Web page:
Is God In Our Public Schools? “Service” Opens Doors – Part III

 “Service” Opens The Doors; The Church's Role In Public Education

At a recent prayer meeting, participants prayed for God to be in our public schools, claiming that the Word no longer can be taught in our schools as the downfall for the public school system.  The evangelical church has help feed the mantra of the secular world that “bad teachers are the cause for failing schools in America.” I would like to refute two myths: 1) God is not in our public schools, and 2) Bad teachers are the cause of America’s failures.  I would like to finish by showing what I believe is what the Church’s role should be to the public American School System.  In this last blog of a three part series lets look at……

What should the Church be doing in all of this? “Serve” the public school, not just criticize. 

Most schools are looking for volunteers to serve.  Youth ministers could hang out in the cafeteria, helping the school with Lunch Duty, crowd control, and getting to know the kids.  Guidance Offices would love to partner with Youth ministries to help single parent students, students whose parents don’t parent, the lonely kid, the abused kid, the kid just looking to get a break or be loved, etc. There are a lot of opportunities for the Church to serve rather than taking the high elitist role and only criticize.

They key to the First Priority Club’s success came in Dee, a parent whose oldest daughter came to the club. Dee volunteered as an adult chaperon/advisor.  After all three of her girls made it through Middle School, entering the High School, Dee made a key decision to stick with the Middle School program because she loved the kids.  She volunteered for over a decade as her own children graduated from High School. She help initiate all the “service” project outlined in an earlier blog even though she came from a strong “evangelistic” church.  Because of her willingness to serve, the Period 11 Club time opened up an opportunity for her and her colleagues to come and freely share the gospel to non-church kids in a public school setting.

The Church also needs to be a “Barnabas”, an "encourager", to encourage and support already over worked, over burdened, stressed out teachers who have to meet State Academic Standards, yet treat their students not as statistics but as precious children. Teacher’s are always on the defensive now, very seldom getting any thanks, praise, or respect from the general public for what they do.  A positive email, thank your card, or even parental phone call would go a long way.  I have discovered those who practice this are also phenomenal parents and whose children are great students.  Administrators are leery of Christian organizations or churches, because few of them serve, but most of them criticize and make it look as if public schools are their enemy, not their ally.

The Church can institute “respect” for authority back into its members and encourage their youth in the importance of a good education.  With all that dedicated teacher do, parents should honor and lift them up when talking about them around their kitchen tables.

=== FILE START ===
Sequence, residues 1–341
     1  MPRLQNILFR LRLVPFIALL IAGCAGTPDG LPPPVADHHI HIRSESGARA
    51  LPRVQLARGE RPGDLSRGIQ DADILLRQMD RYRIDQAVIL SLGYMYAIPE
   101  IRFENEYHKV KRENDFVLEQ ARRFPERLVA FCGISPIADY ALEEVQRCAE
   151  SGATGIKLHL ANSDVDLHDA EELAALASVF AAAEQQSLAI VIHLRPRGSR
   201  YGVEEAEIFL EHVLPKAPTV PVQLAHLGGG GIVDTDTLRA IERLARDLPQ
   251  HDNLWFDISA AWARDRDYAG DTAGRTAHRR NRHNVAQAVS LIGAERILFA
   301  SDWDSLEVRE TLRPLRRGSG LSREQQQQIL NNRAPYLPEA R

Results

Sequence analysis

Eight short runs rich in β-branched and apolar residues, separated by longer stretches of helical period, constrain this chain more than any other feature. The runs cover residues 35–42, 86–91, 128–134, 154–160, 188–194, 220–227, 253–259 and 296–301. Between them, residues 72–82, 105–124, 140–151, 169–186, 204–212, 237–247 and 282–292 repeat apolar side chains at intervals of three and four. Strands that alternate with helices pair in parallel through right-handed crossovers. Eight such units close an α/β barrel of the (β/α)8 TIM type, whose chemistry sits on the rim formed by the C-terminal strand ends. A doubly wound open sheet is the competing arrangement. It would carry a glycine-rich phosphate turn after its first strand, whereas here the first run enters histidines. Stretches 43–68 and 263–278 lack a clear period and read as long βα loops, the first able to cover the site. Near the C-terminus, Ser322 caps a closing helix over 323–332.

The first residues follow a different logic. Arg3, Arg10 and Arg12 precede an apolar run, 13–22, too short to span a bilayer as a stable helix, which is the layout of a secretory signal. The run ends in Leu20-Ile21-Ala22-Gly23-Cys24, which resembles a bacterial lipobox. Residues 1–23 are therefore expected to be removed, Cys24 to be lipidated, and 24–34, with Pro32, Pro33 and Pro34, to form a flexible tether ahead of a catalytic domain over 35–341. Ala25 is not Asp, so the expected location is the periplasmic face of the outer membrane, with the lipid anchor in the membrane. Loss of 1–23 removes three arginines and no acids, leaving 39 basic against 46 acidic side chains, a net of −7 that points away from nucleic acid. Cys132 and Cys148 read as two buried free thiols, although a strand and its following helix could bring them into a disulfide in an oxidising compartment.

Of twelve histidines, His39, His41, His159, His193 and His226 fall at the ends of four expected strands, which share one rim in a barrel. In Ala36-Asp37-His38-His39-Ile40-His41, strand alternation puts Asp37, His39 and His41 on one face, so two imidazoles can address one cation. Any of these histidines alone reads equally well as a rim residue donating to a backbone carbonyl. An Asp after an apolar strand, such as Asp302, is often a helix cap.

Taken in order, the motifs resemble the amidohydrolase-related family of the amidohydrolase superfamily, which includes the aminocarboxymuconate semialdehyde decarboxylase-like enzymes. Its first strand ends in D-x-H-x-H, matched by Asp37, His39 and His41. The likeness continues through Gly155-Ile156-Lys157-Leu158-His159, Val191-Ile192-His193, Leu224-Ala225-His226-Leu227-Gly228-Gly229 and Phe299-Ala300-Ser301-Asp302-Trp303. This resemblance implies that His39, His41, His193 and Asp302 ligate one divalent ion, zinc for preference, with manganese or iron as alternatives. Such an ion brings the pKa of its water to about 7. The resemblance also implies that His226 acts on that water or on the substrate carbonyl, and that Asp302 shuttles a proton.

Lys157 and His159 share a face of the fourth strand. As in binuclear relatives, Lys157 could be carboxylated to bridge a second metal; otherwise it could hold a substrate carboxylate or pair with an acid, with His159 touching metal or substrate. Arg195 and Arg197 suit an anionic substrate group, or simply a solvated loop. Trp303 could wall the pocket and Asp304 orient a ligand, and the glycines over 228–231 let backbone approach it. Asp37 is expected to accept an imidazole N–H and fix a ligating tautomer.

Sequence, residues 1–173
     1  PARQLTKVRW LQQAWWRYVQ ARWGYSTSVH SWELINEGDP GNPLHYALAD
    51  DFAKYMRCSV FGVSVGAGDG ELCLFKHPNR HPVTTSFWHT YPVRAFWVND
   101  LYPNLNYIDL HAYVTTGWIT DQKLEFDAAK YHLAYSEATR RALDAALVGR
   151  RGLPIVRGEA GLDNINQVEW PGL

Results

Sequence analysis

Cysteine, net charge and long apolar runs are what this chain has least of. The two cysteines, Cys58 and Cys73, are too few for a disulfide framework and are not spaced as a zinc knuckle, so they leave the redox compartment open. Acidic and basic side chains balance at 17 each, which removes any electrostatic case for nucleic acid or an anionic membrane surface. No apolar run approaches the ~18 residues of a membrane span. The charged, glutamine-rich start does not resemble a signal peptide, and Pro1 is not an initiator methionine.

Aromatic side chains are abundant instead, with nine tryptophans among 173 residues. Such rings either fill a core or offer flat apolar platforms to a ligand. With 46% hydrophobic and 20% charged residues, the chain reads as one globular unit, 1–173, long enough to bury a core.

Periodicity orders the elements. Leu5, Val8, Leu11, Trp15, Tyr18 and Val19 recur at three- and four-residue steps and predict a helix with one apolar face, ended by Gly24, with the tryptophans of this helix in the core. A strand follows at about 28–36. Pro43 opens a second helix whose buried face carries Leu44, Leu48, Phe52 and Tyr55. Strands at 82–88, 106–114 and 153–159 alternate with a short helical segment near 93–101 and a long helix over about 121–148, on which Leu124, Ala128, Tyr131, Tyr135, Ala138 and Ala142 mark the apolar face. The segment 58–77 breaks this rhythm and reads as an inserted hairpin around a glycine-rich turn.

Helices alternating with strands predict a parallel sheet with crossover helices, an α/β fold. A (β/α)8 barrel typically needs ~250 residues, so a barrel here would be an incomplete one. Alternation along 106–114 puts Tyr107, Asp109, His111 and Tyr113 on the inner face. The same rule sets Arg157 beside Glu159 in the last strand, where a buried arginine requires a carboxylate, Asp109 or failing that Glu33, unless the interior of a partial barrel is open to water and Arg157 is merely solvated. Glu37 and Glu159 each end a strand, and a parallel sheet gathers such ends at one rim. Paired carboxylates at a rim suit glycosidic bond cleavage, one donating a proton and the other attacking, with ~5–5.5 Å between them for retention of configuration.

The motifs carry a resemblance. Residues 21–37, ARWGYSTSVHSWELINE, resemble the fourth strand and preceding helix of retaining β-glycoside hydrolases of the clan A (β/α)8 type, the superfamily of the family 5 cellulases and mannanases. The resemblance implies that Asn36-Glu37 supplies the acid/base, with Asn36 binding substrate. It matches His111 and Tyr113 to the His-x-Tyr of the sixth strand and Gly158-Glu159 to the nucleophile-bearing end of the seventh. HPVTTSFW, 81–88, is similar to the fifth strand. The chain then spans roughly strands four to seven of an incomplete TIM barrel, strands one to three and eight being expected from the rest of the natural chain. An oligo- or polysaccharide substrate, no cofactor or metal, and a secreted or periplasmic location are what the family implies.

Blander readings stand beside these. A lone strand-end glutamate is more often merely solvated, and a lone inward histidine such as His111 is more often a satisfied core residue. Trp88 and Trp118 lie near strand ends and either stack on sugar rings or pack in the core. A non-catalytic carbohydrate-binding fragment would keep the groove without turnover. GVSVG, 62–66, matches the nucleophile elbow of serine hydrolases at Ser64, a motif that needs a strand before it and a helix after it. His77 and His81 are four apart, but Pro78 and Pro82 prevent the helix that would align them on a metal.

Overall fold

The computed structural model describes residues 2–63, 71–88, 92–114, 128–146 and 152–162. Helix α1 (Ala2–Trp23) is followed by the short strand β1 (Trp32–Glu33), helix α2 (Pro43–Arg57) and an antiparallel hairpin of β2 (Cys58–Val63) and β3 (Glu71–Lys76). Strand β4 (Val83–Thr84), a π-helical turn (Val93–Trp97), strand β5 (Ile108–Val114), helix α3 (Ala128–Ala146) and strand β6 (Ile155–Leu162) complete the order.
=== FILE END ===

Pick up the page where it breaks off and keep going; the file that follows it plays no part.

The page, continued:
Do Church Youth Ministries “equip”, train, or prepare their youth to “serve” their non-Christian peers in school?  Most churches don’t want the rift-raft, the feared bullies, those in the trailer park or housing projects to influence their children, so they don’t want their Youth groups to reach out to their peers, inviting them to their Youth group.  I know this to be the attitude in most Christian churches today.  Churched parents want their youth to be  “protected” from the world.  Church Youth ministries should be preparing their youth to be salt & light in a mission field of their schools rather than protective organizations to shield the youth from the world.  Most “Good Church Kids” are lousy missionaries, not knowing what to do when with their unsaved, un-churched peers.  They can raise money and go on a mission’s trip to a third world country, but they have not been trained how to deal with the daily mission’s trip to school.

Most public school administrators look at most religious organizations as kooks, and frankly, I don’t blame them.  Rather than being served by them, they get preached at, usually in a hell-fire-and-brimstone format. How can any administrator respect that? Christians who have infiltrated the schools system through service are always welcomed from being on PTA’s or PTO’s at the elementary level, volunteered tutors to struggling students, clerical or teacher aides, duty coverage volunteers, etc.

Public Schools do need prayers; don’t we all?  What Public Schools really need are Christians with the heart to “serve”.  Through their service, little eyes are watching, learning, benefiting, and eventually giving in service too, because a servant is also a teacher.  Students learn to serve by those who serve them, who model how it is done.  The Church needs to repent of its elitist attitude, its isolationist attitude, its critical attitude and begin to do what Ephesians 4 calls it to do: serve!